OTHER COMPLAINTS

25. The applicants also complained under Articles 3, 13 and 14 of the Convention that the Zagreb County Court failed to protect the children from further abuse, that it gave discriminatory reasons for its decision and that the applicants had no possibility of appeal because its judgment had immediately become final.

26. Having regard to the facts of the case, the submissions of the parties, and its findings above (see paragraphs 22 and 23 above), the Court considers that it has examined the main legal questions raised in the present application. It thus considers that the applicants’ remaining complaints are admissible but that there is no need to give a separate ruling on them (see Centre for Legal Resources on behalf of Valentin Câmpeanu v. Romania [GC], no. 47848/08, § 156, ECHR 2014).

APPLICATION OF ARTICLE 41 OF THE CONVENTION

27. The first applicant claimed 7,000 euros (EUR) in respect of non‑pecuniary damage and the second and third applicants claimed EUR 20,000 each under that head. The applicants also claimed EUR 9,473,25 in respect of costs and expenses incurred before the domestic courts and before the Court.

28. The Government found those amounts excessive and unsubstantiated.

29. In view of the findings above, the Court awards the applicants, jointly, EUR 7,500 in respect of non-pecuniary damage, plus any tax that may be chargeable to them, to be paid to the first applicant.

30. Having regard to the documents in its possession, the Court also considers it reasonable to award the applicants, jointly, EUR 5,000 covering costs under all heads, plus any tax that may be chargeable to the applicants, to be paid to the first applicant.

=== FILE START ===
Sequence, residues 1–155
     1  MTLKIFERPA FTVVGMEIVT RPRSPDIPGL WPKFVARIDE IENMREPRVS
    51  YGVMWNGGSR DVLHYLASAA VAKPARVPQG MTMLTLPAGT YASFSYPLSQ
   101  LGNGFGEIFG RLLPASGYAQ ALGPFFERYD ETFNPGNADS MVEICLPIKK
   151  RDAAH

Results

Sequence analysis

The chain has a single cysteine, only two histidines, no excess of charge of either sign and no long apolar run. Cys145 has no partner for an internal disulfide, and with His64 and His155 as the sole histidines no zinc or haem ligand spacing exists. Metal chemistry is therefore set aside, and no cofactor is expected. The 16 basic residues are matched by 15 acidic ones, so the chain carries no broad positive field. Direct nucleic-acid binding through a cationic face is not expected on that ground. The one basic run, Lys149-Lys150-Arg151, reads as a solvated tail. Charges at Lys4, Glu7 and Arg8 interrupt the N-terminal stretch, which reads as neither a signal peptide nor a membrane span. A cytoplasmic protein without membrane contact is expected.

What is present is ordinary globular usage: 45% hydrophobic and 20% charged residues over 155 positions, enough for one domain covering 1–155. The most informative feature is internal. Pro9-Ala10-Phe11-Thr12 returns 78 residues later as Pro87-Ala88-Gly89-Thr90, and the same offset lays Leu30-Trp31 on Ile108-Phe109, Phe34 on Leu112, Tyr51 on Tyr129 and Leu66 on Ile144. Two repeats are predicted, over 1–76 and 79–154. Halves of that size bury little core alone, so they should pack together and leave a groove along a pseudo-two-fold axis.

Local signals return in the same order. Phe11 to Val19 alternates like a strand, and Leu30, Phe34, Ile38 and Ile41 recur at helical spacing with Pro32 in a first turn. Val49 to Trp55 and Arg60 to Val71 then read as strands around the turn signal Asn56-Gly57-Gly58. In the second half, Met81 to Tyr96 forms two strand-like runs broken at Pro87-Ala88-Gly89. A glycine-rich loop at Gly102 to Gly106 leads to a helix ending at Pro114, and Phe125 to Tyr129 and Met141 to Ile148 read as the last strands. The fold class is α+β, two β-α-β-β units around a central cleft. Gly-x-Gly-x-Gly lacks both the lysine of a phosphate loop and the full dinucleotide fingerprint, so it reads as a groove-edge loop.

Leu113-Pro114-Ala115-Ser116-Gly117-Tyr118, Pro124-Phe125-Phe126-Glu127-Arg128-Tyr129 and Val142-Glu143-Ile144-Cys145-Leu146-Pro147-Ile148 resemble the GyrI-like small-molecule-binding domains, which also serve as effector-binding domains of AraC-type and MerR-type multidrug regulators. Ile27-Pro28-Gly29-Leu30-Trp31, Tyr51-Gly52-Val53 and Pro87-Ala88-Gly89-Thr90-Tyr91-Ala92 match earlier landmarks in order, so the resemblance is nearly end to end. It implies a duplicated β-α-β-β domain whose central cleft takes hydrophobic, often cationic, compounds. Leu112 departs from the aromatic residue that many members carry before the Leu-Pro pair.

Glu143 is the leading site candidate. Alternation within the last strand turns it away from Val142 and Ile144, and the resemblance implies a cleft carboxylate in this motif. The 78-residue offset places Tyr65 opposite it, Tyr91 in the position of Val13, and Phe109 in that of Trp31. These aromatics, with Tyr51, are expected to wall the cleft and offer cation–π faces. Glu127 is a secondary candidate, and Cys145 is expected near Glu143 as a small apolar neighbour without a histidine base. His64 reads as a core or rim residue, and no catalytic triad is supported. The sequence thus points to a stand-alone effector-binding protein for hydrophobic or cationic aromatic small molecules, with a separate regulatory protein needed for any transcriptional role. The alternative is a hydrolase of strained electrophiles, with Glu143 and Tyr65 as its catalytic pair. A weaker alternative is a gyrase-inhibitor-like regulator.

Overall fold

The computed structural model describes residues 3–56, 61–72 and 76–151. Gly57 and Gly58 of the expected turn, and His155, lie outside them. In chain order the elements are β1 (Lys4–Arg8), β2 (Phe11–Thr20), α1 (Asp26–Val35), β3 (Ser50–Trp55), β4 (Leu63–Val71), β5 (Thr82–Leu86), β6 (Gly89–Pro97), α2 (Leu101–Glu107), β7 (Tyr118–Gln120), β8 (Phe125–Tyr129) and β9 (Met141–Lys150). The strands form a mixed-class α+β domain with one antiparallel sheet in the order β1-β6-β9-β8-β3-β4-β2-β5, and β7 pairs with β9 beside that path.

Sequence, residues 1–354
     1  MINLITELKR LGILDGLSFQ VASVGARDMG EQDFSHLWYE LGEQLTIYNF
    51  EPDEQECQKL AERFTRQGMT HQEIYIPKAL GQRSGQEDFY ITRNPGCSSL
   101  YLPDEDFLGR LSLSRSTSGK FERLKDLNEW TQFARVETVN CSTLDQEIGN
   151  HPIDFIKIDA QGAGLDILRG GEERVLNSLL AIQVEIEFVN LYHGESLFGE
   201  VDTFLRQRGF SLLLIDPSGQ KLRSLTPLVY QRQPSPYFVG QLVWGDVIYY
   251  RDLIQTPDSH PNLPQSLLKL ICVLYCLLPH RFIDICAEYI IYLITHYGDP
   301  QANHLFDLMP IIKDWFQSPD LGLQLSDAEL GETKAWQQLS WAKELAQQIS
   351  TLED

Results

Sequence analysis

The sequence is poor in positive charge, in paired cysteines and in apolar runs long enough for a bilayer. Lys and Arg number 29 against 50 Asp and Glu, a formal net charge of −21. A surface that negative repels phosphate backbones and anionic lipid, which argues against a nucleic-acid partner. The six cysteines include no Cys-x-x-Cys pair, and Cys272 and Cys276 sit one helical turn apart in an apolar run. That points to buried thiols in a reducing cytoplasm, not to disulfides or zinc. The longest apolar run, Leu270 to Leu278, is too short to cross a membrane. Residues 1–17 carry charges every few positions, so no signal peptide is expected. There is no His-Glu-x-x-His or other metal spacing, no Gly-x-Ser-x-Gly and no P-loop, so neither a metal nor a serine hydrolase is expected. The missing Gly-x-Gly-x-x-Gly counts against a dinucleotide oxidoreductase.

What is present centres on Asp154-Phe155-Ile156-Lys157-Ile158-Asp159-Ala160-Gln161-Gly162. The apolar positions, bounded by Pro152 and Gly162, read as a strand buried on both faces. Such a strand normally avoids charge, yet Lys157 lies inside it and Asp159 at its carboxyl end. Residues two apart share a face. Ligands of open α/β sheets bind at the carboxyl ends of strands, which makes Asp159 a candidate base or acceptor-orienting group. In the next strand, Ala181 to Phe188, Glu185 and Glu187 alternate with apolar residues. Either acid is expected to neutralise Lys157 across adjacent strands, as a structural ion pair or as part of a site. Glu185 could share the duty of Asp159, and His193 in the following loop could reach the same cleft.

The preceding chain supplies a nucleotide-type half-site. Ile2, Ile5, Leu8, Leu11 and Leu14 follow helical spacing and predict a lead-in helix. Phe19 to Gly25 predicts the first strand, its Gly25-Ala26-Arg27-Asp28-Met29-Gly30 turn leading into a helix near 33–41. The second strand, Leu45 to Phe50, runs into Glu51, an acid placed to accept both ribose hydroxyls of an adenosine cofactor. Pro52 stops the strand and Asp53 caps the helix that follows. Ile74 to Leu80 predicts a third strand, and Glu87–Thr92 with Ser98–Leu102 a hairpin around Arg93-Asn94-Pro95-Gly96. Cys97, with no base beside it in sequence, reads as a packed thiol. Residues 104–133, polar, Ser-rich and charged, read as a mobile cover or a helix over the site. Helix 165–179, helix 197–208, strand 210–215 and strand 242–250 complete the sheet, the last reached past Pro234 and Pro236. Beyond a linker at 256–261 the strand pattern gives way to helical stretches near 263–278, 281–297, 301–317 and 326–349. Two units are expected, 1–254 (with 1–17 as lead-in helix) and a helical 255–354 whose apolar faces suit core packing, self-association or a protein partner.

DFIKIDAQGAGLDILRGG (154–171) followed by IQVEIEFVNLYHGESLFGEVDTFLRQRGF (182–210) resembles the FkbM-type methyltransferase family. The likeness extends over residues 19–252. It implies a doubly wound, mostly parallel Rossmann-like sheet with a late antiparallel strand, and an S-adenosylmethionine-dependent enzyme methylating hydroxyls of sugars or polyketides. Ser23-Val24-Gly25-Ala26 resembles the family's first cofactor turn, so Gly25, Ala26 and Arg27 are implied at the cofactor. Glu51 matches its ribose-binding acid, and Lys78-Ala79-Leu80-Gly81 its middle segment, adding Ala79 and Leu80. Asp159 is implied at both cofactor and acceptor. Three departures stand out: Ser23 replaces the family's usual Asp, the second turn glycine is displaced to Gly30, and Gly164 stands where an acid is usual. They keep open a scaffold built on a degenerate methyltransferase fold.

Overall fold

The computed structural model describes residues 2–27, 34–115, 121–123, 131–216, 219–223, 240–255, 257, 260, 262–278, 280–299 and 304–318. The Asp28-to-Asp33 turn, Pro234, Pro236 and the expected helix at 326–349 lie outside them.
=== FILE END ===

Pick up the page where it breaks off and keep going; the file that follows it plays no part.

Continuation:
FOR THESE REASONS, THE COURT, UNANIMOUSLY,

1. Declares the application admissible;

2. Holds that there has been a violation of Article 8 of the Convention;

3. Holds that there is no need to examine the remaining complaints;

4. Holds

(a) that the respondent State is to pay to the first applicant, within three months, the following amounts, to be converted into the currency of the respondent State at the rate applicable at the date of settlement:

(i) EUR 7,500 (seven thousand five hundred euros) jointly to the applicants, plus any tax that may be chargeable, in respect of non-pecuniary damage;

(ii) EUR 5,000 (five thousand euros) jointly to the applicants, plus any tax that may be chargeable to them, in respect of costs and expenses;

(b) that from the expiry of the above-mentioned three months until settlement simple interest shall be payable on the above amounts at a rate equal to the marginal lending rate of the European Central Bank during the default period plus three percentage points;

5. Dismisses the remainder of the applicants’ claim for just satisfaction.

Done in English, and notified in writing on 19 May 2022, pursuant to Rule 77 §§ 2 and 3 of the Rules of Court.

Liv Tigerstedt                      Péter Paczolay
Deputy Registrar                    President

___________

APPENDIX

No. Applicant’s Name Year of birth Nationality Place of residence
1. H.P. 1977 Croatian Zagreb
2. D.P. 2010 Croatian Zagreb
3. M.P. 2009 Croatian Zagreb